2014 GSA Annual Meeting in Vancouver, British Columbia (19–22 October 2014)

Paper No. 84-7
Presentation Time: 2:35 PM


ROBERTS, James H., Johns Hopkins University Applied Physics Laboratory, Laurel, MD 20723, James.Roberts@jhuapl.edu

Enceladus is well-known for its young south polar terrain, observed by Cassini to emit several GW of heat as well as plumes of vapor and ice. The source of this energy is believed to be tidal dissipation. However, models of the internal dynamics suggest that heat is removed from the interior faster than it can be produced, resulting in the geologically rapid freezing of any global subsurface ocean, although a regional sea may be longer-lived. Tidal dissipation in the ice shell is severely restricted if it is mechanically coupled to the rigid silicate core. In such a scenario, if the ocean freezes entirely, tidal heating is predicted to drop precipitously.

Here, I consider an alternative interior structure for Enceladus in which the core of Enceladus is fragmented, and relatively weak. Enceladus is most likely differentiated due to long-lived radioactive heating, although the size and density of the core are not well known. Unless Enceladus formed within 1.6 My of CAI formation, there will be insufficient 26Al to melt the silicates. Furthermore, the central pressure on Enceladus is only ≈20 MPa, well below the compressive strength of most rocks. The core therefore may be a rubble pile with pore space filled by ice or water; the ice rheology will dominate the deformation as the rock fragments slide past each other with minimal contact. If the core is fully disaggregated (30% ice-filled porosity), tidal heating can be significant, up a factor of ~20 higher than for a monolithic core, but only if the interior starts out warm and tidal heating is strong from the beginning. If this is not the case, radioactive heating will be insufficient to prevent the interior from cooling.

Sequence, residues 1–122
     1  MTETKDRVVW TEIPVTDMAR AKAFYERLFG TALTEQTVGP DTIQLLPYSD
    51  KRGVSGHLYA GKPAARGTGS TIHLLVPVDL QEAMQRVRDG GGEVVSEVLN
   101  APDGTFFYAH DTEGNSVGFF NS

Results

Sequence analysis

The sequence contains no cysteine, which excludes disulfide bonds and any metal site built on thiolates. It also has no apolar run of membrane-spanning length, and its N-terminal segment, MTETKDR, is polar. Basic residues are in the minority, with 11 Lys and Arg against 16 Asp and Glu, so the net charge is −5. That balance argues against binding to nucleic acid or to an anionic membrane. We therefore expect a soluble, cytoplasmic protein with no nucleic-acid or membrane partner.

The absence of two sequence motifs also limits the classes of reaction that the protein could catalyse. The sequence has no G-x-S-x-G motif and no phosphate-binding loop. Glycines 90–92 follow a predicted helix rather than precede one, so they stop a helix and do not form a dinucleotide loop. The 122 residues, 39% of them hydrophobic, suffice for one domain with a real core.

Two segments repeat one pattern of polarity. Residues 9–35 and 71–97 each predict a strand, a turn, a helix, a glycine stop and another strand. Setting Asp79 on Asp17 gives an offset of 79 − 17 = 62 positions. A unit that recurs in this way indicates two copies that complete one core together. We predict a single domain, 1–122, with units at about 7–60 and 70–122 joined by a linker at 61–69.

The heating rates obtained for the more unconsolidated cases are broadly consistent with the long-term sustainable level of tidal dissipation. Although this level is short of the observed infrared flux, the models here apply to the rate of heat production rather than the observable rate of heat loss. Heat may be produced at a lower rate and released episodically without violating constraints of orbital mechanics. While the existence of a subsurface ocean is not a requirement for continued tidal dissipation, the ability of a frozen Enceladus to dissipate heat may permit the formation of such an ocean at later times.

  • Enc_pres_GSA2014_v2.pptx (4.7 MB)